By Hadar Peled Vaissman, independent creative consultant

The development of digital print is reminiscent of the advent of the modern airbrush: Suddenly there was a new technology for releasing ink onto paper. It was easy to learn and use, and it quickly became popular. With this new tool, a whole new art form started, taking photorealism and photo retouching to a completely new level. Digital printing can do that as well and be the new airbrush for the graphic design community; an exciting new chapter that easily expands design capabilities.

As designers, customers also have changed, and so have their marketing and branding requirements. This affects what is required from designers – basically, it changes the designer’s own product. In the past, branding was based on consistency with the psychological rational that familiarity will lead to brand recognition, brand preference, buying and loyalty. When so-called Generation X walked into a supermarket and saw the myriad brand options on the shelf, their hands would somehow instinctively reach for the one that was familiar, that looked the same as it always had, reminding them of home, of safety and of predictability.

Then the millennials came along, who were brought up to expect personal service. Safety or predictability was less of an issue, familiarity was nothing to them. On the contrary, it was boring. Millennials do not see themselves as part of a crowd; they prefer to be seen as one of a kind. They expect brand owners to treat them as individuals and target products specifically to them. Sustainability also became an issue and, altogether, mass production and traditional advertising were not cutting it. As a response, marketing departments and advertising agencies started developing more targeted campaigns with activation tactics to reach and appeal to these new consumers, but still, overall, the personal touch was mostly missing. Millennials, who grew up with the internet, certainly are more used to sharing their personal data in exchange for content. They are happy to participate and click if this means the brand will acknowledge them personally. They expect brands to use this data and get the product right.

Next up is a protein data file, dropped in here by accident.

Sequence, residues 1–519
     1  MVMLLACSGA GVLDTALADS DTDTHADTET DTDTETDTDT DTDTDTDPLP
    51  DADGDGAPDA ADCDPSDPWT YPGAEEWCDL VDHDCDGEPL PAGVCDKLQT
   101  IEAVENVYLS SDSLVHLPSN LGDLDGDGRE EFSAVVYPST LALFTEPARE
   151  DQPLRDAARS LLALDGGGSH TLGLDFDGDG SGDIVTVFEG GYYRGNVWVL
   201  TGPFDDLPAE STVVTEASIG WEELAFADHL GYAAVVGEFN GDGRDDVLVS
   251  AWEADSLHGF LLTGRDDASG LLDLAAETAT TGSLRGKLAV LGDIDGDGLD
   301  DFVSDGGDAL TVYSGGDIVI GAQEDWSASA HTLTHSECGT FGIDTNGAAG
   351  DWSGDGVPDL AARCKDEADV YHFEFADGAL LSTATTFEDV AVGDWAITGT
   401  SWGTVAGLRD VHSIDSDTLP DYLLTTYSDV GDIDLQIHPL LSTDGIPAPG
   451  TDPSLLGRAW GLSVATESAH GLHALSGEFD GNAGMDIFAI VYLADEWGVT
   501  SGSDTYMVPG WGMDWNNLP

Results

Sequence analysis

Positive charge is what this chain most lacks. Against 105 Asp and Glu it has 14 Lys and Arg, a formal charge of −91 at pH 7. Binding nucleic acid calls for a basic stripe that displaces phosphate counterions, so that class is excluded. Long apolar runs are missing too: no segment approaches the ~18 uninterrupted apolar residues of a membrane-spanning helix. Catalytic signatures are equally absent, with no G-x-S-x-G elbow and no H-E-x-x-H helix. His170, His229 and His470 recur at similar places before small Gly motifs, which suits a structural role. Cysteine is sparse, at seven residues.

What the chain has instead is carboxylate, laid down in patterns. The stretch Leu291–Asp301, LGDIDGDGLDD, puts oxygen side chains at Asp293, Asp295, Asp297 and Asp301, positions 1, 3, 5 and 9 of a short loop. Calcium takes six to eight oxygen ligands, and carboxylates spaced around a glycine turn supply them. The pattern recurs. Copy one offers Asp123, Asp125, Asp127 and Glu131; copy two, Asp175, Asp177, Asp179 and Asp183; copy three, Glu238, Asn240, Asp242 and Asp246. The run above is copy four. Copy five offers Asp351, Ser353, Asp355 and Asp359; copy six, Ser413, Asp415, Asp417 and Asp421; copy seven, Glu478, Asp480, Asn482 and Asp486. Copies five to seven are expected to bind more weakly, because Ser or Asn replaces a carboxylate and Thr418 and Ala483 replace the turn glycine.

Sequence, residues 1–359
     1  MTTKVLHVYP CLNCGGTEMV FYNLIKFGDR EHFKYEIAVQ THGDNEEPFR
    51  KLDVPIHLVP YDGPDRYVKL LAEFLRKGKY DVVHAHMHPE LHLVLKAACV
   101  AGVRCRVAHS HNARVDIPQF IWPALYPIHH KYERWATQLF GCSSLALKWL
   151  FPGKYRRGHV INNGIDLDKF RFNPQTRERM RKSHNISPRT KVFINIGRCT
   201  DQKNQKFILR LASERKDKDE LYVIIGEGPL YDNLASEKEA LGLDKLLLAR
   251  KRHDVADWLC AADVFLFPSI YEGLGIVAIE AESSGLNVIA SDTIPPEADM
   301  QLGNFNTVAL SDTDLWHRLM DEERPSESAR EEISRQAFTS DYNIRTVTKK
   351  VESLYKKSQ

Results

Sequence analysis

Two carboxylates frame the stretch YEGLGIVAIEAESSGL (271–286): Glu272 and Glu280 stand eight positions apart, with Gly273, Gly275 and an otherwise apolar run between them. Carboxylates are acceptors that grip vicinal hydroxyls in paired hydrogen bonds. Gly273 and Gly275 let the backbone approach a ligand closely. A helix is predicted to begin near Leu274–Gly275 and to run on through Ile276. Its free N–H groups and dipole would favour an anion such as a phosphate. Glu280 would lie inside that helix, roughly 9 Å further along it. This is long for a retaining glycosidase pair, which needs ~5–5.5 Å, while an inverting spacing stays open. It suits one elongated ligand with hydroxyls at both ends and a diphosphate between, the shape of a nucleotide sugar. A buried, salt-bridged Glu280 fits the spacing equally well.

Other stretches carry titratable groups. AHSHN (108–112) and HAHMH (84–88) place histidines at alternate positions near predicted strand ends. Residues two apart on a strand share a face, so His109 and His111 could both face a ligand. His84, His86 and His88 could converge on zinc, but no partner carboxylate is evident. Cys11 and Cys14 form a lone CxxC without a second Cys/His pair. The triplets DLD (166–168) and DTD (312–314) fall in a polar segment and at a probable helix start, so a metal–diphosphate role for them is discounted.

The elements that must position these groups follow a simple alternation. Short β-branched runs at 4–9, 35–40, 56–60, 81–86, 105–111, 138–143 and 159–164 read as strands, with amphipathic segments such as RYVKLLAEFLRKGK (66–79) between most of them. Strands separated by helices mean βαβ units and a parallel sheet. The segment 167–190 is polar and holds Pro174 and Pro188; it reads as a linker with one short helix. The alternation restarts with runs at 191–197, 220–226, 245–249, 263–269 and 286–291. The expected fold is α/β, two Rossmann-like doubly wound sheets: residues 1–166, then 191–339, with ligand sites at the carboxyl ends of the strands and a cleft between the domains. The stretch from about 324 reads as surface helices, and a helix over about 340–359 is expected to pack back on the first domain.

Now comes Generation Z, which is even more internet savvy in every possible way. To them, the technology comes as naturally as the air they breathe; it is taken for granted. According to a recent report on customer trust trends from Salesforce, “Although a slim majority of consumers still are wary of companies’ intentions when it comes to handing over personal data, Gen Z and millennials are more game to take that risk — as long as they are getting something in return.” 

So, how do companies offer customers the right product in today’s consumer market? The ultimate answer to this question is: with digital print. Digital print allows companies to control and change the data on a print product, using information the consumer has given to make it the most relevant product possible for them.

Mind the gap

At the moment, there is a gap between the possibility or idea and what the design world actually is doing. In most cases, designers – being unaware of the potential of digital – still design for any print technology, being wary of color-limitations and definitely not using the digital tools potentially available to them for an improved brand experience. The ability to close this gap lies in the hands of the print vendor (or print service provider). Proactive and agile printing firms can help their customers achieve huge marketing success by offering them such design tools.

Some big, international brands have begun to use these tools to deliver astonishing, impactful campaigns where digital print enabled the product itself to become the media. One such campaign was done by Coca Cola in Israel.